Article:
More on the F.A.A.'s Electronics Rules

Last month, I had some fun with Alec Baldwin and American Airlines' horrible customer service.

Of course, the underlying problem is the Federal Aviation Administrations' silly rules about devices being used by passengers before takeoff and landing.  The New York Times followed up on the issue in the wake of the Baldwin incident and concluded...

“The only reason these rules exist from the F.A.A. is because of agency inertia and paranoia.”
The F.A.A. and other groups seem to be running out of reasons we can’t use digital e-readers on planes during takeoff and landing. Maybe their next response will be: “Because I said so!”

Yeah, that is about right.


  1. I can't believe this, but I'm going to defend the FAA here. Paranoia is an irrational fear. Their fear is entirely rational.

    My job is to get computer systems to work correctly, and it is impossible for our internal development and testing to cover all the combinations that the real world throws at us. The FAA similarly is not able to do the testing to be certain that none of the devices in question will interfere with the cockpit systems.

    And the time in which a pilot could recognize that the computer was screwing up, take manual control, and safely complete either a takeoff or landing, cuts the margin for error too thin.

    It's actually possible that the only real problem would be if someone from First Class took a Kindle into the restroom immediately adjacent to the cockpit, and left the WiFi or cellular transceiver turned on. But there's no way the flight attendants can tell First Class passengers not to use certain devices, while we schlubs in Economy are allowed to. Rules have to be broad enough to cover the real threats, and that means they'll also cover non-threats.

    So the safest rule is to turn off everything that might emit EM radiation before takeoff, and don't turn it back on until the plane has enough altitude to recover should something bad happen.

  2. And the pilots (even military) are using iPads in their cockpits right now. They were using hand help GPS units too. Any explanation there?

  3. Monster,

    Here is why I disagree with your position: Airlines in other nations do not have these rules. Where is the list of incidents due to interference? There is none, other than a couple of anecdotal occurrences that could not be reproduced when the planes landed.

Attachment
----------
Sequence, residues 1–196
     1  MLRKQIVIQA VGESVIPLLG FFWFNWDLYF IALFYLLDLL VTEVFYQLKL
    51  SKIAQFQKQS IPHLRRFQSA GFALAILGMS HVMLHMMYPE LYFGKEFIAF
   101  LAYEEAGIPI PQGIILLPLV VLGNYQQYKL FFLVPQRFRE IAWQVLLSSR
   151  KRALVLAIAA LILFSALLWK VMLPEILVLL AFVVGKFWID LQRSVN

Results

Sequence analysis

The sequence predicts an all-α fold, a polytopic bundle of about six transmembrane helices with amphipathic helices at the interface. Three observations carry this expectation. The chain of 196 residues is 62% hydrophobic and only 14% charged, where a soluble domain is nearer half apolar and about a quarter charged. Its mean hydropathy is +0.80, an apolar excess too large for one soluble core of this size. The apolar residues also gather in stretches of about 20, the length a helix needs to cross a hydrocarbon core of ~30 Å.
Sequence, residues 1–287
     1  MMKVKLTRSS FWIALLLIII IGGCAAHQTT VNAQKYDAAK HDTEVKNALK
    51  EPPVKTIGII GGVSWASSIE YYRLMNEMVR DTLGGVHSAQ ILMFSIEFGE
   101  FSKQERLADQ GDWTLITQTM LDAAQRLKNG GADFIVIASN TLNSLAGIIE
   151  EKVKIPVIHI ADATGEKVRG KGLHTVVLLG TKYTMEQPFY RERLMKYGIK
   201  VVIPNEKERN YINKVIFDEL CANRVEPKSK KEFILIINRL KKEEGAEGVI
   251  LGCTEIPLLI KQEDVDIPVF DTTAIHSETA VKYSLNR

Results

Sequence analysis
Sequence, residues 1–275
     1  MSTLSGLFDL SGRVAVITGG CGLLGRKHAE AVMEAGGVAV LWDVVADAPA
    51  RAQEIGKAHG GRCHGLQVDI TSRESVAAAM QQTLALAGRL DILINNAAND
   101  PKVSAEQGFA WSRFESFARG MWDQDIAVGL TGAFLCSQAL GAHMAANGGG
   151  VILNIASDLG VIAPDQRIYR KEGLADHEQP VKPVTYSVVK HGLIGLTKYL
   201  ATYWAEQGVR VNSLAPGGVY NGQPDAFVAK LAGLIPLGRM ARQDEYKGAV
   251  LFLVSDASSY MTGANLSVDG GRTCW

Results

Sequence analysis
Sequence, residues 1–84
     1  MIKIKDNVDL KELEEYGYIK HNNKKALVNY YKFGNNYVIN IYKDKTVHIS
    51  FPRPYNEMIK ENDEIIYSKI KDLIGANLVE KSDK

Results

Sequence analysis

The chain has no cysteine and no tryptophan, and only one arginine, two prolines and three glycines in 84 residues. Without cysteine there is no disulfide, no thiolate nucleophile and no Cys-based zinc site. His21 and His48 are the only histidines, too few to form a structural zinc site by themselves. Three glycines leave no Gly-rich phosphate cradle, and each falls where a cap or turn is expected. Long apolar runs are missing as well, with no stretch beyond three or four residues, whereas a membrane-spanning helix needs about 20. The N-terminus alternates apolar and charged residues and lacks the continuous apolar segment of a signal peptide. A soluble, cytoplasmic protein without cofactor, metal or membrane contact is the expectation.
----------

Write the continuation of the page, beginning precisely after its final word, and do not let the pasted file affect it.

Like the 2:22pm comment points out, United, jetBlue, Alaska and others are using iPads in the cockpits. If the level if interference from these devices when they are immediately next to the avionics is not sufficient to cause a problem then it is unlikely that a Kindle in the back of the plane will, either.

    I actually do not have a problem with leaving them off for TO and landing out of the "abundance of caution" rule. However, I had an Allegiant FA make me turn mine off 45 minutes (!) before landing in Vegas and I had a UA FA get all over me for turning mine on at 30,000' (I was listening to Channel 9, air-to-ground communications)! Alec Baldwin's incident came when the plane was at the gate.

    UA cancelled a flight of mine earlier this month, but we sat at the gate for 90 minutes before they did so. They insisted we had to have our electronic devices off for the first 45 minutes of the delay! Frankly, I think there are a lot of FA's that just like to nag passengers.

    So, lets turn them off when the plane pulls away from the gate (the FA's always go down the aisle between leaving the gate and TO) and when the plane is on final approach (i.e., 5,000' and below).

    Otherwise, stop harassing passengers.


  4. Just because pilots use some devices in the cockpit doesn't mean much. If they know how to disable all RF emissions, if they've been tested and known to be good, shut them down at the actual takeoff/landing... that doesn't necessarily translate to "It's safe for J. Random Passenger to use Device X that might have RF turned on....

    So, lets turn them off when the plane pulls away from the gate (the FA's always go down the aisle between leaving the gate and TO) and when the plane is on final approach (i.e., 5,000' and below).

    I agree with this completely. If they did that, the actual time we have to shut our devices down would only be a few minutes each way, and would obviously be focused on the critical periods of vulnerability, I think there wouldn't be nearly as much friction over it.


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